Word Histories: Etymologies Derived From the Files of the Dictionary of American Regional English


“I’m not seeing anyone. It’s bimbo limbo until this thing cools off.” That statement was made by the cartoon character Donald Trump in Garry Trudeau’s Doonesbury, in reference to the past spring’s tabloid folderol surrounding the real-estate magnate’s personal life.Bimbo, sometimes abbreviated to bim (“Studs Lonigan copped off [stole from] a bim whose old man is lousy with dough” — James T. Farrell, Studs Lonigan, 1936), means a “woman of loose morals, floozy.” The origins of the term are not quite certain. In the nineteenth century a punch made with cognac or rum was called bimbo or bumbo, probably from the Italian bomba, a child’s word for “drink.” Like the progression that occurred with tart (a small fruit pie; a prostitute), the idea of “potent punch” may have come naturally to be applied to a saucy, loose woman. An alternative explanation holds that English borrowed the term from the Italian bimbo (little child, baby), which in turn came from bambo (silly), the diminutive of which, bambino, is another word for “baby.” English extended its sense from “child” to “fellow or chap,” usually with derisive connotations. The meaning “fellow” would then have undergone a gender shift—an evolution not without precedent. Brothel, for example, originally meant “worthless fellow or scoundrel,” then “prostitute,” both senses now being obsolete. Similarly, a harlot was originally a vagabond or knave.


When Egon Krenz, the former East German Communist Party chief, made a campaignstyle visit to Leipzig late last year, he announced to a group of workers and shoppers, “I don’t think socialism is kaput. I think the disfigurements of socialism are kaput.”Kaput (broken, ruined, destroyed), which English adopted from German in the 1890s, was itself borrowed by the Germans from the French during the Thirty Years’ War (1618— 1648). The French had an expression, faire capot (be defeated), which the Germans translated as caput (or capot) machen; later they abstracted caput or kaputt from the phrase, pronouncing the final t sound. The French faire capot is from the card game piquet and means “to make no tricks.” Piquet is a two-handed game played with a pack of 32 cards, the cards two through six having been dropped, and is scored on tricks and various combinations of cards. It has its own terminology, including capot, which English borrowed directly from French when the game came to England, and carte blanche, which referred to a hand with no face cards, avoir cartes blanches {to blank cards), Capot means “cover, hood, cape, bonnet.” By taking all tricks in the game, one defeats the opponent so thoroughly that he may be disconcerted, as though covered over pare bury one’s opponent) or though a hood had thrown over his head (compare hoodwinked).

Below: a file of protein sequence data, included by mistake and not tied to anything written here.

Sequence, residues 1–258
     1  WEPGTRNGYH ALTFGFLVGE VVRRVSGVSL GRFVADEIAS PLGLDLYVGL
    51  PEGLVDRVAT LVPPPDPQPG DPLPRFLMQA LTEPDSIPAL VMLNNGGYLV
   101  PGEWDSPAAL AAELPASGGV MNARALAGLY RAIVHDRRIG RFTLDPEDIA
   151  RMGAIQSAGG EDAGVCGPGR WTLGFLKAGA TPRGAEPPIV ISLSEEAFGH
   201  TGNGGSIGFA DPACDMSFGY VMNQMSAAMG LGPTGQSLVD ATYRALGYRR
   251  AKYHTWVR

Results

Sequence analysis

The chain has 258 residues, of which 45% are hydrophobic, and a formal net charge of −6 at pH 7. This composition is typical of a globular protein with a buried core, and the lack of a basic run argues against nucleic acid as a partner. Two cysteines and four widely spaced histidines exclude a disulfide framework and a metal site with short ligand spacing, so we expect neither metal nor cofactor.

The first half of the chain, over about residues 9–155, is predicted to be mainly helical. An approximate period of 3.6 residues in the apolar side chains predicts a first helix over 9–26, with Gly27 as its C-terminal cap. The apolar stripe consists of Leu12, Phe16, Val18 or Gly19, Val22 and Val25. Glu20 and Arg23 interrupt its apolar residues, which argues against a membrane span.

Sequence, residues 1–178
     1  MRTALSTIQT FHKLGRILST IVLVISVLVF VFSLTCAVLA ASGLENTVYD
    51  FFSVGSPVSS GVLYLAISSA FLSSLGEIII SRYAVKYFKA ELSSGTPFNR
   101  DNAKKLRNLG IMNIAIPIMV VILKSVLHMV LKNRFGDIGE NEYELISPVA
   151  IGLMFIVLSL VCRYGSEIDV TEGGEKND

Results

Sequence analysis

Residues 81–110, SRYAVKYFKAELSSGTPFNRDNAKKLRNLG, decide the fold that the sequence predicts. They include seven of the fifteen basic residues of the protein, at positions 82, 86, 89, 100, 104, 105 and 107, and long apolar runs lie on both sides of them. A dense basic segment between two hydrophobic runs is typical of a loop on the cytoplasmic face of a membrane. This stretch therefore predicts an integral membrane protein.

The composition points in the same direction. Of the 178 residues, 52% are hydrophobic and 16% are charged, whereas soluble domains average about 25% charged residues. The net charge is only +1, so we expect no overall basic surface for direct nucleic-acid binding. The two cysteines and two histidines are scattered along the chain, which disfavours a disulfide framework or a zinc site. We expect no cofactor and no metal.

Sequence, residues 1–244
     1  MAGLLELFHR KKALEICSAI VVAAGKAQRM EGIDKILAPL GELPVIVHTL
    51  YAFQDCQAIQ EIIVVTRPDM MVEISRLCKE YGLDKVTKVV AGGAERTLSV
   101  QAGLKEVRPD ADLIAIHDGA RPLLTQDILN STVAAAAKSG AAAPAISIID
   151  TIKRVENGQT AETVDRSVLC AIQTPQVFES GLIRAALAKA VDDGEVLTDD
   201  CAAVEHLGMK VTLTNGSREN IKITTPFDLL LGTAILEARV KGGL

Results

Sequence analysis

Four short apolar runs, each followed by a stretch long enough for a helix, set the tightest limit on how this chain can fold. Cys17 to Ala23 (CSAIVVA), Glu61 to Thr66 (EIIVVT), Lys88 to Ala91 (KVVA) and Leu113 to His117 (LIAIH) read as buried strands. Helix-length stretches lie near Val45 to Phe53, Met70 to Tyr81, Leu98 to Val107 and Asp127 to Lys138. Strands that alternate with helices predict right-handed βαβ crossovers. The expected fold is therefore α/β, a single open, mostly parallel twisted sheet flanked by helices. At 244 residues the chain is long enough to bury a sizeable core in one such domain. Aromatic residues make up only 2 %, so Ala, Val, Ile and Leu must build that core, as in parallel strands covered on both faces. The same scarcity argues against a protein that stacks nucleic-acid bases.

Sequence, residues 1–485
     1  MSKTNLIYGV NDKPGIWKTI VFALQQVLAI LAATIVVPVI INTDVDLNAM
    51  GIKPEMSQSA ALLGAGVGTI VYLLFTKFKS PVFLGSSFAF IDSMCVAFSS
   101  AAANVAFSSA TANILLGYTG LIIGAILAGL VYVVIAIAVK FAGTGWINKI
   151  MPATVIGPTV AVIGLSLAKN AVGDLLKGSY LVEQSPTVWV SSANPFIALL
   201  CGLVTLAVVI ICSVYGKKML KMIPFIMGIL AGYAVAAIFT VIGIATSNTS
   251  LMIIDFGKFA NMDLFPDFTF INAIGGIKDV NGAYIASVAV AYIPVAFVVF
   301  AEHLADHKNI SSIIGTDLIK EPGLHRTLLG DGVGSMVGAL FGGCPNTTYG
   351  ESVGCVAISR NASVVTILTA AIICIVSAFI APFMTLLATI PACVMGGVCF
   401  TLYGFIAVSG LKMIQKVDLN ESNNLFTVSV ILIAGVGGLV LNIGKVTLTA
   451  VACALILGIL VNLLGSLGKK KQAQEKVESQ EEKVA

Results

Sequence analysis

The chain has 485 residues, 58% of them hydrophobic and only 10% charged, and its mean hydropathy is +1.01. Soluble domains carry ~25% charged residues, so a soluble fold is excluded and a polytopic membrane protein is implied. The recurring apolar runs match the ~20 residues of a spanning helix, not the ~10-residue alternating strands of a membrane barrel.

When rioters this year protested in London about a new system of local taxes, Newsweek headlined an article “YOB POLITICS IN BRITAIN.” “Yobs,” the magazine argued, “have taken on a new image as the cutting edge of a growing underclass— the shock troops in new bid to end the formidable sway of Margaret Thatcher.” Yob is one of the few examples of Cockney slang that have become accepted in general British English. It is from “back slang,”the secret jargon that originated in the 19th century and was favored by costers, cos te rmo n ge rs — fro m costard (apple) and monger (dealer, seller)—the vendors or hawkers produce who worked the streets of London. In back slang a word is spelled backward (rum becomes mur, pot of beer becomes top o’ reeb). Because most wmrds when spelled backward contain impossible combinations of letters, vowels are often inserted, as in temp for pint, delo for old. yennep for penny (“I’ve been doing awful dab with my tol . . . haven’t made a yennep"—London Life, 1877). Sometimes the word is rearranged, as in nosper for person (a common word for “stranger”), not to be confused with nosrap, fox parson, and kabacgenals for back slang, used to signal to another speaker that this mode of conversation is agreeable. Yob is unusually straightforward, deriving, of course, from boy. In the 1850s it meant simply “boy, youth,” but was later extended to “lout, hooligan” (“‘Let’s go to the pictures.’ . . . ‘And have my enjoyment ruined by the Sunday night yobs in the front row?’”—John Osborne, Look Back in Anger, 1957). Its offspring, yobbery, yobbish, yobby, and yobbo or yobo are also in general British use.